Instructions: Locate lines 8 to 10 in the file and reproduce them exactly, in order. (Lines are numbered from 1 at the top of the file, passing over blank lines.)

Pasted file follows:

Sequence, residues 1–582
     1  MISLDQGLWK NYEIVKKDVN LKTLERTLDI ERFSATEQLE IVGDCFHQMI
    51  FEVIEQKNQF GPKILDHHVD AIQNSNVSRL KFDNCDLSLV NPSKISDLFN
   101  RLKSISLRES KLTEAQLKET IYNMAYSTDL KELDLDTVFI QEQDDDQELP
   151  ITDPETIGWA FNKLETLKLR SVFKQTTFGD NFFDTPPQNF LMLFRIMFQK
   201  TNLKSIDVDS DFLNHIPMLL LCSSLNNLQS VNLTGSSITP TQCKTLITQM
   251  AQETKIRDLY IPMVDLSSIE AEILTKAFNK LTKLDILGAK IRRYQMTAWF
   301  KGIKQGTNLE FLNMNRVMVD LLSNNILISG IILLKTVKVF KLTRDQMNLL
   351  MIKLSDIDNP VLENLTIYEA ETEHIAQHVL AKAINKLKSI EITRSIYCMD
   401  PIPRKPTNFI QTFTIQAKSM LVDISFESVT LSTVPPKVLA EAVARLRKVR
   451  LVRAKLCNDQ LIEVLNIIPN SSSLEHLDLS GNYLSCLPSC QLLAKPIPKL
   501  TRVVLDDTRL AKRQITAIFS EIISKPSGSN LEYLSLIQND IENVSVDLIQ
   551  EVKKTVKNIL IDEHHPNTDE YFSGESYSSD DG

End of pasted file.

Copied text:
   301  KGIKQGTNLE FLNMNRVMVD LLSNNILISG IILLKTVKVF KLTRDQMNLL
   351  MIKLSDIDNP VLENLTIYEA ETEHIAQHVL AKAINKLKSI EITRSIYCMD
   401  PIPRKPTNFI QTFTIQAKSM LVDISFESVT LSTVPPKVLA EAVARLRKVR